Tom Hanks and Aaron Eckhart in Sully

SULLY

Sully is a well-crafted, touching, feel-good movie whose existence, for the life of me, I can’t comprehend.

Alicia Vikander and Michael Fassbender in The Light Between Oceans

THE LIGHT BETWEEN OCEANS

Romantic dramas for adults have been so infrequent this millennium that it sometimes seems they appear only when studios feel the need for another generally laughable Nicholas Sparks adaptation, which makes it hard, in The Light Between Oceans, to know whether to swoon or chortle when – honest to God – a woman accepts a marriage proposal by saying, “Yes! Yes! A thousand times yes!” (I was sure that line had been put out to pasture after the demise of vaudeville.) Yet writer/director Derek Cianfrance is nothing if not sincere, occasionally to his detriment, and his take on novelist M.L. Stedman’s period romance is serious-minded, thematically resonant, and, at times, emotionally devastating in ways that the Sparks oeuvre almost never is. It’s the film’s second-half plot contrivances, and the unfortunate arm-twisting that accompanies them, that routinely bring Sparks to mind.

Jeff Bridges and Gil Birmingham in Hell or High Water

HELL OR HIGH WATER

Jeff Bridges has given so many fantastically lived-in, and just plain fantastic, screen performances over nearly a half-century that picking out his best is a true fool’s errand. Yet if pressed for his most entertaining one, I’d be tempted to go with Bridges’ drunken sharpshooter Rooster Cogburn in 2010’s True Grit, which would make his portrayal of Hell or High Water’s Texas Ranger Marcus Hamilton – more sober than Rooster but equally funny, marble-mouthed, and moving – a close second.

Dylan Minnette and Jane Levy in Don't Breathe

DON’T BREATHE

A few weeks ago, in the creepy and clever horror film Lights Out, our protagonists were at the mercy of a nightmarish figure they couldn’t see. In writer/director Fede Alvarez’s new horror film Don’t Breathe, our protagonists are at the mercy of a nightmarish figure who can’t see them. You’d presume these particular protagonists would have an easier time of things. But Alvarez, to his credit, doesn’t appear interested in making things easy for anybody – not for the “heroes,” not for the “villain,” and not for audiences accustomed to those tags presented without quotation marks. You may find your stomach in knots during much of this brutally effective shocker. You may also find that part of your discomfort stems from sensing that the traumatized characters here are getting just what they deserve.

Morgan Freeman and Jack Huston in Ben-Hur

BEN-HUR

The first words heard in the new remake of Ben-Hur are delivered in voice-over by – wouldn’t ya know it? – Morgan Freeman, meaning that the quality of director Timur Bekmambetov’s biblically themed epic is up in the air from the start. Will this be another Shawshank Redemption? A Million Dollar Baby? A March of the Penguins? A War of the Worlds? A Love Guru? A Hillary Clinton DNC bio-video?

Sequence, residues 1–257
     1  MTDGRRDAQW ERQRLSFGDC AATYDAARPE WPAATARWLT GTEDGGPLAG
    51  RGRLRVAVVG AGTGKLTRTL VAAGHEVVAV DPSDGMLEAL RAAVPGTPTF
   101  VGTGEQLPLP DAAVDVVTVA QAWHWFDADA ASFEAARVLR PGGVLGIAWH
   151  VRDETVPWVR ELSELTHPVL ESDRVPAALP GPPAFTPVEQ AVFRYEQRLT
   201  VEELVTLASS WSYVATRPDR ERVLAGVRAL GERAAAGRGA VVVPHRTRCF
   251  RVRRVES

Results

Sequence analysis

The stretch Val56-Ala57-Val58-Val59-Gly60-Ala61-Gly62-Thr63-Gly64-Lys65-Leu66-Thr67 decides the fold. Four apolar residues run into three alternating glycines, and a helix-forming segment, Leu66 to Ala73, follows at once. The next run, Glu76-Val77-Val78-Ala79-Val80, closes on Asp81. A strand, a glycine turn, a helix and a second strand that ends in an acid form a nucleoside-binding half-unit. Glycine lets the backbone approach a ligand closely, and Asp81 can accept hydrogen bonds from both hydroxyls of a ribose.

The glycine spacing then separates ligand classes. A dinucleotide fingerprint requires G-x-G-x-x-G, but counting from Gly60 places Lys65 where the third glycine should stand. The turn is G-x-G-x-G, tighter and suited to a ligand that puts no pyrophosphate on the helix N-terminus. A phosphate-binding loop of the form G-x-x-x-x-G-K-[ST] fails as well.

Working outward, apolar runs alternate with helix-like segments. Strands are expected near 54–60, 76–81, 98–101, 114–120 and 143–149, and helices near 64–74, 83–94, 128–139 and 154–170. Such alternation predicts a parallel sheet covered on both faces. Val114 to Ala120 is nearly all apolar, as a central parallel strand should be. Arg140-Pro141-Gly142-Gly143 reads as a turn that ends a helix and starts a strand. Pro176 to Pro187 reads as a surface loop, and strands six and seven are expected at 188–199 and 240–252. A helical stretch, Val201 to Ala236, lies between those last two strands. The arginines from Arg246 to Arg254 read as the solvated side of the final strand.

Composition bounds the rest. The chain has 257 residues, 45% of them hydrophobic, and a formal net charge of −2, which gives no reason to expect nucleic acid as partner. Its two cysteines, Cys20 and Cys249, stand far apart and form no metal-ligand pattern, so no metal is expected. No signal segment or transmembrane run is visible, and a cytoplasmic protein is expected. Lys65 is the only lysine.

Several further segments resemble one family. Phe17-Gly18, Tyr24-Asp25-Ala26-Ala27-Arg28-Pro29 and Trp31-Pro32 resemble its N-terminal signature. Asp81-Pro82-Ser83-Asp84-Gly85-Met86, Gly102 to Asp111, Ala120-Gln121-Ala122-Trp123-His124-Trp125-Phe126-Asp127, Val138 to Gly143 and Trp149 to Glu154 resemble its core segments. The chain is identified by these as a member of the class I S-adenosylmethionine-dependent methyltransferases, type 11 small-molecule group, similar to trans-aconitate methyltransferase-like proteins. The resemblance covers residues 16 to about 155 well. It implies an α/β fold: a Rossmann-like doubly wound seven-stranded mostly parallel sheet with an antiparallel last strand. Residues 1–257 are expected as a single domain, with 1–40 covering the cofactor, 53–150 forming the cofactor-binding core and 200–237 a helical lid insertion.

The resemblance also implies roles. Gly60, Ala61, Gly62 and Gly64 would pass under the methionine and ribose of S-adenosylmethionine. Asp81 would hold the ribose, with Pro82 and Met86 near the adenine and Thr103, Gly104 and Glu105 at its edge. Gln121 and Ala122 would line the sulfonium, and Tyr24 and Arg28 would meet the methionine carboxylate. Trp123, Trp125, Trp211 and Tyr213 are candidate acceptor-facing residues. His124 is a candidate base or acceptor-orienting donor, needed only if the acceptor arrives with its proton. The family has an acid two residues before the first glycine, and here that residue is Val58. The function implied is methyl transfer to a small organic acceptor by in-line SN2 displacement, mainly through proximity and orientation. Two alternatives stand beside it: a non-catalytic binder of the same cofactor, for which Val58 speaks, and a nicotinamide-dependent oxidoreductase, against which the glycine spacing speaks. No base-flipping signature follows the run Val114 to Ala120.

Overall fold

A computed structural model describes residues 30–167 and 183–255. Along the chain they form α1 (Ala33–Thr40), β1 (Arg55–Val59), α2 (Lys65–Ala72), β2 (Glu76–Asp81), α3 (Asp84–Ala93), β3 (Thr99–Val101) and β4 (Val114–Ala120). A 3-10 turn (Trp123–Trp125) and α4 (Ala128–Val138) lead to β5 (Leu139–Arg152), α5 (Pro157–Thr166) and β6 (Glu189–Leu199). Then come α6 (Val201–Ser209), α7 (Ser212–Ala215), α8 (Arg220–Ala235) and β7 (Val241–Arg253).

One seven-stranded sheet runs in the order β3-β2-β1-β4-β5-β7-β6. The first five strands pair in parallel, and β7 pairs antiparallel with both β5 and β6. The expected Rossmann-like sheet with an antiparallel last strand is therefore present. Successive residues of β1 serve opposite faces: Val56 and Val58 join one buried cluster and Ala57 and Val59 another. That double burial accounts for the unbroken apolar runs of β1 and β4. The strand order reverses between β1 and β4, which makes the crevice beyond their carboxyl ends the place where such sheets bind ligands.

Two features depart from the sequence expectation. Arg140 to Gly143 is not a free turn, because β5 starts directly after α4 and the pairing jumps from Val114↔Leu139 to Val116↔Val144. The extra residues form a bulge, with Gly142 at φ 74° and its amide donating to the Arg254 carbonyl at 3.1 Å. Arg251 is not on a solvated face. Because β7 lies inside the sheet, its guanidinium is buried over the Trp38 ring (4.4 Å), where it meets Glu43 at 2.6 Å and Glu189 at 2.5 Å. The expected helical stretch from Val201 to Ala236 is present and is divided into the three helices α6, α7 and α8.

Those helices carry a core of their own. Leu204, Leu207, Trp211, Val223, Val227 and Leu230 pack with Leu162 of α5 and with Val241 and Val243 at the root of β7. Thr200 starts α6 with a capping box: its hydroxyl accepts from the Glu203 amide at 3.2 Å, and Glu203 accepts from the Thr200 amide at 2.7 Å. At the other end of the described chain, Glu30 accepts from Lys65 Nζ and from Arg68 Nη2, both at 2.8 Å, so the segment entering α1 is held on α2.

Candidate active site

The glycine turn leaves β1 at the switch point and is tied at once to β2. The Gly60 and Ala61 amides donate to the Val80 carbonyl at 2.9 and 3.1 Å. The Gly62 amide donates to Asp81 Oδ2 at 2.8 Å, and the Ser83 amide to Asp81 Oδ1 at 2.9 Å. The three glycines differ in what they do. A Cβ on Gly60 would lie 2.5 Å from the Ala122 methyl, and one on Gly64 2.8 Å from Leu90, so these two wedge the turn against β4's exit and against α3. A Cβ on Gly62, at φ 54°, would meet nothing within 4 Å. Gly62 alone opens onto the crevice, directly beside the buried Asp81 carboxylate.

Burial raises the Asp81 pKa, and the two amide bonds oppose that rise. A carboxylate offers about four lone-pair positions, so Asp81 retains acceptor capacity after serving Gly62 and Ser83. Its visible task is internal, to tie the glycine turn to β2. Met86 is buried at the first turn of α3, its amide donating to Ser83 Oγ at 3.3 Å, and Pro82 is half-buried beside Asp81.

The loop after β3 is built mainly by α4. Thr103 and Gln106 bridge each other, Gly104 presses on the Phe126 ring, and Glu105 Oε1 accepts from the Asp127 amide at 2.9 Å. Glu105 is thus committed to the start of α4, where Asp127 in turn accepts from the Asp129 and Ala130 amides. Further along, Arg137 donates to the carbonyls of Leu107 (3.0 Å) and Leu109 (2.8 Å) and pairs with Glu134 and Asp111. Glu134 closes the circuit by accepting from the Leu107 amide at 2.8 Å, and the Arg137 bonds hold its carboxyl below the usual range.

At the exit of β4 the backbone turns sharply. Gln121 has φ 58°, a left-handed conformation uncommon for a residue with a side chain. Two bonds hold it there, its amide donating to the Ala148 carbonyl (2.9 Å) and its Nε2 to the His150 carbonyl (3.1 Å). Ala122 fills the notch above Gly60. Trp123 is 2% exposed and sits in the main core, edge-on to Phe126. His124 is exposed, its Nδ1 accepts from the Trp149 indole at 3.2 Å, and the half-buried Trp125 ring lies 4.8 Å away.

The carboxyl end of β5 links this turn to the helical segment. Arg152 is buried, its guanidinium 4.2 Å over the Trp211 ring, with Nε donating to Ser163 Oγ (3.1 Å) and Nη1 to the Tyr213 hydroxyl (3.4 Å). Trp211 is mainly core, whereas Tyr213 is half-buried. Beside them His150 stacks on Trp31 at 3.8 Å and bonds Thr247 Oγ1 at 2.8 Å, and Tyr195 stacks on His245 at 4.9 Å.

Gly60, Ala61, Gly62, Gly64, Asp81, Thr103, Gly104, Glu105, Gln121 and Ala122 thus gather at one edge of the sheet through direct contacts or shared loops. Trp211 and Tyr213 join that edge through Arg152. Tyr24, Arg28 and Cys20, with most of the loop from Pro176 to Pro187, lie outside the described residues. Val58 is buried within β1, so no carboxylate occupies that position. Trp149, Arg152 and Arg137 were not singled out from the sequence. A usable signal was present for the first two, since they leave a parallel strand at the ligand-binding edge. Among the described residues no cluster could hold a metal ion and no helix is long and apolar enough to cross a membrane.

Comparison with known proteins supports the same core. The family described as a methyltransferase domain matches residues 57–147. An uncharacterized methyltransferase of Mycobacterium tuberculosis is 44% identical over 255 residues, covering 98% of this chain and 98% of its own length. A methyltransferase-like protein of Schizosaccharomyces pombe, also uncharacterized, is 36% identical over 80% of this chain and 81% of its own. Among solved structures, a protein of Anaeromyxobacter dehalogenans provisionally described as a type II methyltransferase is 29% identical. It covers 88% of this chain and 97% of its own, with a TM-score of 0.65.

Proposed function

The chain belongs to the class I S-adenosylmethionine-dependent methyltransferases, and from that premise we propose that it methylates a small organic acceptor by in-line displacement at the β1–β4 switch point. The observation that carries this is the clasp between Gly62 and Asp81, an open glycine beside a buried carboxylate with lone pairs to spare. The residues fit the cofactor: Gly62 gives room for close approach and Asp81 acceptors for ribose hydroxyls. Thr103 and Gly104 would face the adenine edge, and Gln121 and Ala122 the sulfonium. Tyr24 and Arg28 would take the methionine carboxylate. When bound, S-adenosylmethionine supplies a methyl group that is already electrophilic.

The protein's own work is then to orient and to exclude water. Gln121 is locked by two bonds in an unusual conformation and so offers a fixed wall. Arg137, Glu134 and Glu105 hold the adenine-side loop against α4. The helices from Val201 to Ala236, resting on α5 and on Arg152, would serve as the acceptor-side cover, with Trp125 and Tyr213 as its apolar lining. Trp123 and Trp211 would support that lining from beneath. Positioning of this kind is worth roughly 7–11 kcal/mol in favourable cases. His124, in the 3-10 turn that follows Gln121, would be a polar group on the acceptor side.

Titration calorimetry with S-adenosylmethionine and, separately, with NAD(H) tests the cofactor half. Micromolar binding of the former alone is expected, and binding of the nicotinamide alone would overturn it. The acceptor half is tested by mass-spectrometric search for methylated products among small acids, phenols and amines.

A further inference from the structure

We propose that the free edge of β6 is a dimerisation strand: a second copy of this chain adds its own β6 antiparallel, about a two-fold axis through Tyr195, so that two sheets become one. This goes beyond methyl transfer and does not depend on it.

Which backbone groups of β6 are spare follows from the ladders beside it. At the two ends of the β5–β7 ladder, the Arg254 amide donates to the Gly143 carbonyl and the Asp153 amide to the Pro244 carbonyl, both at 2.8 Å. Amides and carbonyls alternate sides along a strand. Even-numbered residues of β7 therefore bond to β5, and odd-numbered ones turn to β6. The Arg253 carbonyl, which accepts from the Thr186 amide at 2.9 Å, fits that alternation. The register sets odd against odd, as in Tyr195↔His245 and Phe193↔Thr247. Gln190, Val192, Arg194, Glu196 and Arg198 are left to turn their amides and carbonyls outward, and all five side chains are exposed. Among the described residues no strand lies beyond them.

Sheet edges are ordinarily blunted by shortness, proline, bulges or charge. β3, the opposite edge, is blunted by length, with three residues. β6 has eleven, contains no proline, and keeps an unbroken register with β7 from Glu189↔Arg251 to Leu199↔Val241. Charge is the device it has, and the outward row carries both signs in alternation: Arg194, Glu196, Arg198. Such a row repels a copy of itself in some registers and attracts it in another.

So it shouldn’t be surprising that the movie, like Freeman’s vocal-track record, is similarly all over the place – sometimes lugubrious and laughable, sometimes powerful and exhilarating, sometimes merely blah. It’s hardly a threat to the legacy of 1959’s Ben-Hur and its record-setting 11 Oscar wins. But on the rare occasions that Bekmambetov’s unnecessary outing works, it works thunderously well, and either way we’re spared the monolithic orating of Charlton Heston, which is a plus right there.

Meryl Streep and Hugh Grant in Florence Foster Jenkins

FLORENCE FOSTER JENKINS

For more than 30 years, Meryl Streep has been singing on-screen in movies ranging from 1983’s Silkwood to last year’s Ricki & the Flash, with musical pitstops in a half-dozen outings in between. But not until the new bio-comedy Florence Foster Jenkins has the star ever sung quite this badly. Streep being Streep, of course, she sings badly brilliantly.

Will Smith and Margot Robbie in Suicide Squad

SUICIDE SQUAD

Everything you’ve likely heard about Suicide Squad is true – unless, for some reason, you’ve heard it’s great.

Jesse Eisenberg and Kristen Stewart in Cafe Society

CAFÉ SOCIETY

Woody Allen has made dozens of movies I’ve been happy to watch. Café Society may be the first one I’d be happy to eat.

Kristen Bell, Mila Kunis, and Kathryn Hahn in Bad Moms

BAD MOMS

Despite the film’s silliness and inconsequentiality, the experience of Bad Moms does prompt an almost existential question: If a crummy comedy makes you laugh out loud at least three-dozen times, can it even be considered crummy in the first place?

Teresa Palmer in Lights Out

Friday, July 22, 9:55 a.m.-ish: Few things get me more psyched for a quadruple-feature – or, more accurately, get me less dreading one – than knowing my day’s first screening will be over in a scant 80 minutes. So I enter director David F. Sandberg’s Lights Out feeling pretty good. Somewhat incredibly, I exit feeling really good, because this hour-20 horror trifle gives you just what you want from these things and too rarely do: a creepy and clever premise, a snappy pace, a bunch of good scares, a few strong portrayals, and a relative lack of eye-rolling stupidity.

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